Jump to content

For those of you who complain about paying your CAJA premium

Recommended Posts

That medical invoice at $153,000 for a person with no insurance, would have been equal to 4.68 years of my entire salary from when I worked for the State of Florida at USF, Eleanor.


Glad I opted for the BC/BS insurance we were offered as employees there. That way for this snake bite my 20% co-pay would have only been $30,632.20 ! That's outrageous and totally screwy.


This puts the CAJA payments into some sort of perspective, I suppose, but except for excessively long waits for certain scheduled tests, etc., with the CAJA, the CAJA maybe is not so bad a deal, at least pricewise.




Paul M.


Link to comment
Share on other sites

What I object to is one year paying $50/month, then the next year it was jacked up to $240/month. Then there are a bunch of other and new taxes - Who can budget for such increases? If we were to do it over, we'd be checking out other countries.

How does this happen? I thought that, except for incremental yearly increases, the original assessment was permanent.

Link to comment
Share on other sites

If we were to do it over, we'd be checking out other countries.

What other Central American Countries, Panama and

Mexico have a similar socialized CAJA Medical System like here in Ticoland??


Panama= NO


Honduras= ?

El Salvador=?

Mexico=Maybe Not??.



I think not too many!

Edited by tibas9
Link to comment
Share on other sites

Paul - Under your BCBS, you very likely have an out of pocket maximum for your benefit year. Our Humana policy, for instance, has an out of pocket maximum of $2500 as an individual ($5000 for family). As long as I use in-network providers for covered services, I'd never pay more than $2500 no matter the size of the bill.



Link to comment
Share on other sites

Some people are lucky with their health insurance.... others not so much.


When my granddaughter was diagnosed with leukemia, her treatment cost almost $500,000, including several hospital stays. At the time, my son was working for the New York Times organization (not the Times...) and he ended up paying $3,000 out of pocket.


When I ended up in the hospital in the US for two days while they examined my heart, arteries, etc, it was $10,000 and it took me 6 years to pay it off. (And yes, in the end, the hospital offered a deeply discounted payoff amount, which I paid in a lump sum.)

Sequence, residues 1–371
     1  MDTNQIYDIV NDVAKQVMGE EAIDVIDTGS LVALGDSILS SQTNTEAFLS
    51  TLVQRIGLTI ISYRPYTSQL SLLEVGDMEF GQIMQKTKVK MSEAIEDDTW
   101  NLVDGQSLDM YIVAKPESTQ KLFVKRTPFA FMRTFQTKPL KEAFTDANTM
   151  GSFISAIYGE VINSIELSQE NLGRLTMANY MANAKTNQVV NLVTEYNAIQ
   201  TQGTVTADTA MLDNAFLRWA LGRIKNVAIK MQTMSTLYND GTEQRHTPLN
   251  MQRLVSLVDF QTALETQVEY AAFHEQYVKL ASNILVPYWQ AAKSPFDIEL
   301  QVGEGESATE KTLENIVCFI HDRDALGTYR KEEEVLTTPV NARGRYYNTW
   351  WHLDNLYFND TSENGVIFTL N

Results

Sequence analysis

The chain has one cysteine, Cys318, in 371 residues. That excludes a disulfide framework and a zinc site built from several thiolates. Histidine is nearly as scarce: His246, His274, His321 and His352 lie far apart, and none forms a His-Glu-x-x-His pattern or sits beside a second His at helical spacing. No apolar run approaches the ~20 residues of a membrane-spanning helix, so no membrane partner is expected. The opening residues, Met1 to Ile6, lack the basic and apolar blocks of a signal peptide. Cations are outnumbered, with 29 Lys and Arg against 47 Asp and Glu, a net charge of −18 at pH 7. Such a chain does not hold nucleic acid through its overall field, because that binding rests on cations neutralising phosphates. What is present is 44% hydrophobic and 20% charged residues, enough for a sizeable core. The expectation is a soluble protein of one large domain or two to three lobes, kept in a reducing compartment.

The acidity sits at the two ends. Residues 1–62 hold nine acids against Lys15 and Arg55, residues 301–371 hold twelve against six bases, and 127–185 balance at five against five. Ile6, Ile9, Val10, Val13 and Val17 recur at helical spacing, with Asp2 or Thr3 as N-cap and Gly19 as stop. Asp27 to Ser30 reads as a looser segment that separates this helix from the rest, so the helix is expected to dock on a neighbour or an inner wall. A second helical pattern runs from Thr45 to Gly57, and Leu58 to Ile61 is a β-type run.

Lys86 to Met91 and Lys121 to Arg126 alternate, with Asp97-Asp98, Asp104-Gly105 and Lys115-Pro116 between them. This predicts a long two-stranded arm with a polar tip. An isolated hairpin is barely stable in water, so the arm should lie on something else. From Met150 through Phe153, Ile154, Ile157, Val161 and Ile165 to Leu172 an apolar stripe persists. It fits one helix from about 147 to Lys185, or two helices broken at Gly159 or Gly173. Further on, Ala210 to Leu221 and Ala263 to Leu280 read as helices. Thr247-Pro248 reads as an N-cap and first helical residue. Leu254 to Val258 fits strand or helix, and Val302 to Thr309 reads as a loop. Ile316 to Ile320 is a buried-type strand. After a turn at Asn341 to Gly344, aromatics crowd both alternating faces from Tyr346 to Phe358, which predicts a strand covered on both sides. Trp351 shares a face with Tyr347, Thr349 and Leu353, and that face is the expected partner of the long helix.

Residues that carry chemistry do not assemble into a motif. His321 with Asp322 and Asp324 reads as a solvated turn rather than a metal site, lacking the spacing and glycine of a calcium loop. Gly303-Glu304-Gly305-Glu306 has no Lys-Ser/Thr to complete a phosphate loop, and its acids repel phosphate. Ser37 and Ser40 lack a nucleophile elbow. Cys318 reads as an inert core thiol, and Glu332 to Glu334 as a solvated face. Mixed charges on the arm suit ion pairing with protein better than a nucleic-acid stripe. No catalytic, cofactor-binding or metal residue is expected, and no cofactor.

At least in Costa Rica you make your monthly CCSS payment and you know that you will not have to pay anything more for health care -- unless you choose to. Of course, for some things you don't want to wait -- like biopsies. A local friend had a lump in her breast and was told she had to wait 3 months for a biopsy. Uh Uh... we all got together and put up the $500 for her to get it done privately. She did have cancer, had immediate mastectomy and chemo and to day (10 years later) is in fine health. All for $500.

Edited by eleanorcr
Link to comment
Share on other sites

I totally understand going private in a situation like that, eleanor. I'm doing all my routine care in FL since it is covered 100% under my US health policy. I had an abnormal mammogram last month, so had to go immediately for a diagnostic mammogram & ultrasound (it was normal). Once I got through all the testing, one of my first comments to my husband was wondering what the timeline would've been through CAJA for the process. I'd have likely had to go private to get the turnaround time in CR that I had in the US.



Link to comment
Share on other sites

Join the conversation

You can post now and register later. If you have an account, sign in now to post with your account.

Reply to this topic...

×   Pasted as rich text.   Paste as plain text instead

  Only 75 emoji are allowed.

×   Your link has been automatically embedded.   Display as a link instead

×   Your previous content has been restored.   Clear editor

×   You cannot paste images directly. Upload or insert images from URL.


  • Create New...

Important Information

By using this site, you agree to our Terms of Use.